Finally, I’d encourage you to get a clock and keep track of how many hours you spend griping about managed care, criticizing your colleagues who market themselves, or asking how to find those self-pay patients online.  Because all of that time is time you could be spending on billing, filling out paperwork, writing a book, promoting a talk, in other words building your practice.  Complaining to peers is not networking.  Worrying about your business is not the same as effort.  Don’t confuse the two.

Life’s full of tough choices, go make one.


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Why Therapist Directories Are A Waste Of Time

This post is for all of you who have been considering or actively using listings in therapist directories.  I frequently get asked from consultees which directories they should list in.  I also frequently see colleagues debating on bulletin boards and listservs the merits and demerits of individual directories.  So I figure it’s time to offer you my perspective.  Please bear in mind that I am sharing my experience and opinions here, and if you’ve had a different one, hopefully you’ll mention it on the comments.  If you own a directory service, I hope you’ll disclose that as well.

When I started building my practice, I had a lot of time to spend filling out various online directories.  I literally spent hours filling out profiles that promised to make me visible to potential patients.  To be fair it gave me the opportunity to hone my bio and elevator speech, but other than that I now think that I was wasting my time.  But let’s talk a little about why directories may be a waste of your time, because I think it points to a larger misconception about marketing your practice online.

Billboard in a bottle.

Many therapists still approach the internet as if it was a giant Yellow Pages.  We often create static content, the equivalent of a business card, cover letter and resume, and then slap it up on a website, or a directory.  Then we sit back and wait for the phone to ring.  It’s like we imagine that we created a giant billboard and threw it into the world wide web.  But in reality, it’s more like a message in a bottle, thrown in a vast ocean.  We imagine that that will get us recognized.  It usually doesn’t, and here’s why.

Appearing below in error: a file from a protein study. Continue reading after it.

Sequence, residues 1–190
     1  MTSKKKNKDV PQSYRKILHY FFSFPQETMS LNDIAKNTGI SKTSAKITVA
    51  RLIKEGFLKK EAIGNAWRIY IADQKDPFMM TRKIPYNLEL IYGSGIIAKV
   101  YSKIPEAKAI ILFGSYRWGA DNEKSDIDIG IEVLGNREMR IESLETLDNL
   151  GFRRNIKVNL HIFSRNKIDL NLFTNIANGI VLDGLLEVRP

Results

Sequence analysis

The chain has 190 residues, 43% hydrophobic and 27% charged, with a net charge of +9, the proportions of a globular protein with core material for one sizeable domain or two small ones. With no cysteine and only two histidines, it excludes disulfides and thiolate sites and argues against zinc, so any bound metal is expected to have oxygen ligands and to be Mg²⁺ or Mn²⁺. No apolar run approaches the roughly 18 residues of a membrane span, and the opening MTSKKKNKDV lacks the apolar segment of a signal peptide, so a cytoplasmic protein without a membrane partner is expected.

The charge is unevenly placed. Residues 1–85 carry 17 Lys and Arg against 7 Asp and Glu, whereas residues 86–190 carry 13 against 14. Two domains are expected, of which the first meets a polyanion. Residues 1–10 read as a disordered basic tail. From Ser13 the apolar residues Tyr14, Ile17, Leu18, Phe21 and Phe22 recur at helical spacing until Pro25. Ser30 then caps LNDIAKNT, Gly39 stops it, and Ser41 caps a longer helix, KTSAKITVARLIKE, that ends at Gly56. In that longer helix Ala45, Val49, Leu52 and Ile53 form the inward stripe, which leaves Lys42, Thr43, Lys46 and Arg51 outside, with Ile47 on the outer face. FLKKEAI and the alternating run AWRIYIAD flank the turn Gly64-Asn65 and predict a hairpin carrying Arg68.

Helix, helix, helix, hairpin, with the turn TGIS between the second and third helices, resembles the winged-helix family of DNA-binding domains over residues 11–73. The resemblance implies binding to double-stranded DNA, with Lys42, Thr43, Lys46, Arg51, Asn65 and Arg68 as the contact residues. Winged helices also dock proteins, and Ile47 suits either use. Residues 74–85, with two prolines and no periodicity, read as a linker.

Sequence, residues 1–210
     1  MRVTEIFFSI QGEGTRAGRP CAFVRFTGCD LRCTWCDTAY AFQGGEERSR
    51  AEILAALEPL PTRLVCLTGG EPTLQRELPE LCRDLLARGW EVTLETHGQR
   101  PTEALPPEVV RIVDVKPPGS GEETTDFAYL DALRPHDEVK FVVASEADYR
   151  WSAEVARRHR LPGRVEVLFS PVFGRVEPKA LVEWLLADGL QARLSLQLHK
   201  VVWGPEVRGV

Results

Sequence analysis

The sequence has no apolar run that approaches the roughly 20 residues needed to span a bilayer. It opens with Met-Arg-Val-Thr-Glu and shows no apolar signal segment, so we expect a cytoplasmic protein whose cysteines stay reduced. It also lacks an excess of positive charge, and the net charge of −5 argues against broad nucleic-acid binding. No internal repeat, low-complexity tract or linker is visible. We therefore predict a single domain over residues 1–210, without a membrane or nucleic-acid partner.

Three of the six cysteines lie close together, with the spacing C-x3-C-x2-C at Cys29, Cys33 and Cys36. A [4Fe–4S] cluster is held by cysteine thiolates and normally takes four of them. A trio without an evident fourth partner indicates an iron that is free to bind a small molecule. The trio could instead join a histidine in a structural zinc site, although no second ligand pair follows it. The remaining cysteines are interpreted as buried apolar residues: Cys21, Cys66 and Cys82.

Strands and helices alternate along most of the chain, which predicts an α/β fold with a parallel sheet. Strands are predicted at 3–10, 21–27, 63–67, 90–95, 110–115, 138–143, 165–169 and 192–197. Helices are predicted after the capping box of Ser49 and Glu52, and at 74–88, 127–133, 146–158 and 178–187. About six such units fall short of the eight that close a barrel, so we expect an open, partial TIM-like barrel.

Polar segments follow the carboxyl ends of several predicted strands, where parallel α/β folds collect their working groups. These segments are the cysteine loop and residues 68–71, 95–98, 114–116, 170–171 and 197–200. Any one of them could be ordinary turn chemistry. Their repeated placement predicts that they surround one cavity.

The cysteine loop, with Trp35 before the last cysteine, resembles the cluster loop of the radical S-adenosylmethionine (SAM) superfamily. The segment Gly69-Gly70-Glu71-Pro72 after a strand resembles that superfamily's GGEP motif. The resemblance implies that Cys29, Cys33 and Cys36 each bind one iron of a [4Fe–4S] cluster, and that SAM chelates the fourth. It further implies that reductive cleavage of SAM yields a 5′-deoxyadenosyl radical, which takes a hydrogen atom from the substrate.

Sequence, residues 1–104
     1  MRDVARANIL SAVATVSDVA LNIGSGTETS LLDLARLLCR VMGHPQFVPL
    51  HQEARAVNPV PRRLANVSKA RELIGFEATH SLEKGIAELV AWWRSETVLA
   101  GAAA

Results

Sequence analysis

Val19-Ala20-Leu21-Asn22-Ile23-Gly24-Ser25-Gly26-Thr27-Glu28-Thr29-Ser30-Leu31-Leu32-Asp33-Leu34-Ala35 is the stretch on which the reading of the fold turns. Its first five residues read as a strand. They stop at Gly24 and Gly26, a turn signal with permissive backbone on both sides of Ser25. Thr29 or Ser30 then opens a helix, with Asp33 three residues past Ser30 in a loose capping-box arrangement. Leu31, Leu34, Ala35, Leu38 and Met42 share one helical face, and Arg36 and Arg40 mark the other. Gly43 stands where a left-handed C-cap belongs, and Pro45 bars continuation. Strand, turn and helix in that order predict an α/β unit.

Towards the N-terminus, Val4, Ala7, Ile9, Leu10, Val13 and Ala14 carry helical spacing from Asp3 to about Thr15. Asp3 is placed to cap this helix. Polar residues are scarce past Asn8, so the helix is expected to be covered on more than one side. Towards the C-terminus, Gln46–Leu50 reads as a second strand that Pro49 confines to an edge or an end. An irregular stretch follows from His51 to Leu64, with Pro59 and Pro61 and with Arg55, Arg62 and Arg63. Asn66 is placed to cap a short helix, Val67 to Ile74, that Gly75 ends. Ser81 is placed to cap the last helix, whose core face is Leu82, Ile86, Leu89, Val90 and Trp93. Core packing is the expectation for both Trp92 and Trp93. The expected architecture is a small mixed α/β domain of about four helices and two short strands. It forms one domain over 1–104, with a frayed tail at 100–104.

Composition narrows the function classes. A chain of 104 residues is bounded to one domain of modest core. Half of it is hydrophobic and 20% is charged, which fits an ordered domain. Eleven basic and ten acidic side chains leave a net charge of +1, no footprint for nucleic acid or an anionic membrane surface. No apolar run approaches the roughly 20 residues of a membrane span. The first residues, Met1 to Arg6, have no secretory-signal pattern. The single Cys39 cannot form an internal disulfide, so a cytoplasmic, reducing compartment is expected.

If you google “find a therapist” you will literally find dozens of website directories guaranteed to help patients find the right provider.  If you’re ambitious you could spend hours and days finding all of them and entering your information.  Many of them are free, some charge money, and a few don’t let you know whether they will charge or not until you’ve entered all of your information.  One of the main problems with directories is exactly that there are so many of them.

One thing I’ve learned from starting up social networks for other companies is that you always need a critical mass of members as quickly as possible.  If you launch a site you have a few days to a week to achieve this in most cases.  Otherwise potential members will log in to your site, look around and see little activity, and leave.  So low enrollment of providers in a directory will drive little traffic to it.

On the other hand, if you take a directory like Psychology Today’s you will see that they did achieve a critical mass, and have more traffic.  But the problem here is that this is because every therapist and her maiden aunt is now listed there.  So the problem becomes how to set yourself apart from the rest.  If you are determined to spend time on listing yourself in a directory, I’d suggest that you pay for the PT one and try to distinguish yourself as best you can.  In fact, the Psychology Today site is the only directory I even try to keep current and pay for anymore.